An extensive American study, published in the journal Breast Cancer Research, has found that fine particles from air pollution may increase breast density in women, a well-established risk factor for breast cancer.
New American research, based on nearly 280,000 women screened between 2001 and 2009, found that those living in areas with high levels of fine particles from air pollution had a 20% greater risk of having dense breasts, a major risk factor for breast cancer.
Breast density, measured by mammography, reflects the relative amounts of tissue types in the breast. Dense breasts contain a higher percentage of fibroglandular tissue which can obscure mammography and make it difficult to identify abnormalities like tumors.
Breasts with higher density levels contain less fatty tissue and more connective and glandular tissue. High breast density is associated with a four-to-six-fold greater risk of breast cancer.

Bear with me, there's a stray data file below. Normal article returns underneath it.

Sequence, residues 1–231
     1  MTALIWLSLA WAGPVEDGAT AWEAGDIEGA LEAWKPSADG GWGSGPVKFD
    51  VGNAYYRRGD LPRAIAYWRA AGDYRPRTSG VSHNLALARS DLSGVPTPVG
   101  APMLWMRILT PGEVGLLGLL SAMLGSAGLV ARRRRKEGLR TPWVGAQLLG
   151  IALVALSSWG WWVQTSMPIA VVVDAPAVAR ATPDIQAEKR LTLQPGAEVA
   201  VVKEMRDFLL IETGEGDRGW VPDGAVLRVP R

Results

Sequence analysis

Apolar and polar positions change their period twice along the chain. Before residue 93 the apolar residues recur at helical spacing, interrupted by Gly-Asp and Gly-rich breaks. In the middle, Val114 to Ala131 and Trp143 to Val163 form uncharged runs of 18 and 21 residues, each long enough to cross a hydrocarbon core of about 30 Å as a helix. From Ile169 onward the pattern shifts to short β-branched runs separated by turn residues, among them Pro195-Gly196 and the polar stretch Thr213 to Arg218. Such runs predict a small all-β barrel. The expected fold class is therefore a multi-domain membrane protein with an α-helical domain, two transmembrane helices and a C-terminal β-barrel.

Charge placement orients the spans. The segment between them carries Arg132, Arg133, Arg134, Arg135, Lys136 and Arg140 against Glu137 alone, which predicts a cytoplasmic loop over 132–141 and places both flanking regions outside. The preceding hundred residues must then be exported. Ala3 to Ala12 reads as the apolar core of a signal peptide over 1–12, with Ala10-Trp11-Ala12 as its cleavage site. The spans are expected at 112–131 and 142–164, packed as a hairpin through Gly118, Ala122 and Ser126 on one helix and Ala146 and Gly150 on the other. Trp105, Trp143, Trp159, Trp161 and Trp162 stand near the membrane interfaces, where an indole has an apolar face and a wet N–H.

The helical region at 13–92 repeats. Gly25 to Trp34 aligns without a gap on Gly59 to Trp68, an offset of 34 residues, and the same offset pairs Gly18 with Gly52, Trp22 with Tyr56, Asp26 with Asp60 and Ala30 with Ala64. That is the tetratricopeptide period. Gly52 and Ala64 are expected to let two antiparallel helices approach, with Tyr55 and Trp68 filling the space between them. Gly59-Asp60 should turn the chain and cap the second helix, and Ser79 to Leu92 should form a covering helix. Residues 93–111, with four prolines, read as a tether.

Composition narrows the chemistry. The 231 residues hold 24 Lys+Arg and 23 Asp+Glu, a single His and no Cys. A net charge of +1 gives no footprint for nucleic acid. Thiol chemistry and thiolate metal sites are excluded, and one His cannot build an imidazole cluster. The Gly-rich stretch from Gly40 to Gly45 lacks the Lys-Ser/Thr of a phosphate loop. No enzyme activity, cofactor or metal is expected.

The researchers found that every one unit increase in fine particle concentration (PM2.5) increased a woman's chance of having dense breasts by 4%.
Moreover, women with less dense breasts were 12% less likely to have been exposed to high concentrations of fine particles.
The impact of air pollution on breast density could be explained by the presence of pollutants contained in fine particles and their disruptive effects on hormones, suggest the authors.
On the other hand, the study showed that exposure to ozone reduced women's chances of having dense breasts. In fact, every one unit increase in ozone concentration was associated with a 3% lower chance of having dense breasts. The researchers aren't able to explain this surprising phenomenon at this stage of their research.